If there was indeed a deliberate effort to speed up decomposition in order to hide the cause of death and delay discovery then it was entirely successful.

By the time pathologists were able to examine Mr Williams' corpse, the decomposition was so advanced they could only guess at cause of death.

Was his death linked to spying?

His family believe so, but we may never know.

MI6 obtained a Public Interest Immunity certificate which kept details of his work for them and GCHQ secret.

They claim Mr Williams was seen as at 'low risk' but he was a highly skilled and trained computer scientist who had recently met two informants and was ready to be deployed on an active mission.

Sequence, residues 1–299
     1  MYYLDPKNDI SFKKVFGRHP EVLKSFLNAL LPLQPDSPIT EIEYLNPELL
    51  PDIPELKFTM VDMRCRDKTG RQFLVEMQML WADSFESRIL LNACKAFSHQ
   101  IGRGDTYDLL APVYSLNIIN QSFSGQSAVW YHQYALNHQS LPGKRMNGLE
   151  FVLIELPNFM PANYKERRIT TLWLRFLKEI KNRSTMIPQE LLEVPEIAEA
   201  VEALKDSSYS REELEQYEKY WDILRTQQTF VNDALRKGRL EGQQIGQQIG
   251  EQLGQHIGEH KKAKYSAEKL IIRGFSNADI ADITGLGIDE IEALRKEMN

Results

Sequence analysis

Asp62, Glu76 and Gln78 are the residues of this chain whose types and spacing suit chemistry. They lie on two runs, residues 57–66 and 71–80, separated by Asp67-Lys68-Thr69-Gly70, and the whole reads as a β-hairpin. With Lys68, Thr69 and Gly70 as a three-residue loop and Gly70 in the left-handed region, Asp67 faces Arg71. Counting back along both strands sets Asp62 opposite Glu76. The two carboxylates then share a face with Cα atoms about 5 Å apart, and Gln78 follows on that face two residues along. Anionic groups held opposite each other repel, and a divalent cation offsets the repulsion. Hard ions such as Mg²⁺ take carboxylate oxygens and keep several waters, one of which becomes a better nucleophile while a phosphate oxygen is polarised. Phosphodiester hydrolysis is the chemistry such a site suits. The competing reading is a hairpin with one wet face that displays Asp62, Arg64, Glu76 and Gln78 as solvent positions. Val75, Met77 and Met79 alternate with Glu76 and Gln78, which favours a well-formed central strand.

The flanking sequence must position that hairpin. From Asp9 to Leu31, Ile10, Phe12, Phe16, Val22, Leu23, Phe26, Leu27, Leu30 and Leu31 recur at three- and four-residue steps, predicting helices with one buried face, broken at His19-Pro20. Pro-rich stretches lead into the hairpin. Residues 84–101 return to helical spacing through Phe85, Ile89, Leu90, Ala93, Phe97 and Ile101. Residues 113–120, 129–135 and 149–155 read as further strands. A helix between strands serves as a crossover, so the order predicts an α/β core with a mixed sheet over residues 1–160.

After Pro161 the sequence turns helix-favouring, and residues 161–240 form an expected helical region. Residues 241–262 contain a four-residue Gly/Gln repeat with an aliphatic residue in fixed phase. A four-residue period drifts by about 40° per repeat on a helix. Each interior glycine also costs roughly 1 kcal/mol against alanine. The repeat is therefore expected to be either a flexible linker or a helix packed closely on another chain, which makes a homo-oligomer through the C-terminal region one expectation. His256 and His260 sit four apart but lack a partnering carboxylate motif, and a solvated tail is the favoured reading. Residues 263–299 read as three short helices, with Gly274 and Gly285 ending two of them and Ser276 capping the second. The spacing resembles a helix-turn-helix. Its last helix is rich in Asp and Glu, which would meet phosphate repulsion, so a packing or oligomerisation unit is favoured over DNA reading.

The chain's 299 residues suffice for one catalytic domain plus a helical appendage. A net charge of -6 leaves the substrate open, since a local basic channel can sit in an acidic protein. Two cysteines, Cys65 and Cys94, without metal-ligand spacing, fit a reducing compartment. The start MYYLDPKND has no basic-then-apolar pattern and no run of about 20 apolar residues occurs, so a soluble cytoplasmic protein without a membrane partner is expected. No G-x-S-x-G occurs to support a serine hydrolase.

One manager said he made a 'small number' of unauthorised searches on the MI6 database which could have left him open to blackmail.

His flat had been rented by spies since 2003 and he confirmed his sensitive occupation to at least two close friends.

When she reported him missing, GCHQ's human resources chief, told a police switchboard worker that Mr Williams had been 'just taken off an operation' and was unhappy.

The inquest was told this was not true and the coroner ruled her comment may have been 'misinformation' designed to spur police into action. These contradictions did nothing to increase confidence in the security services' account.

Why did MI6 take eight days to call the police?

MI6's behaviour throughout this whole affair has been puzzling and done little to discourage conspiracy theories about its direct involvement in Mr Williams' death.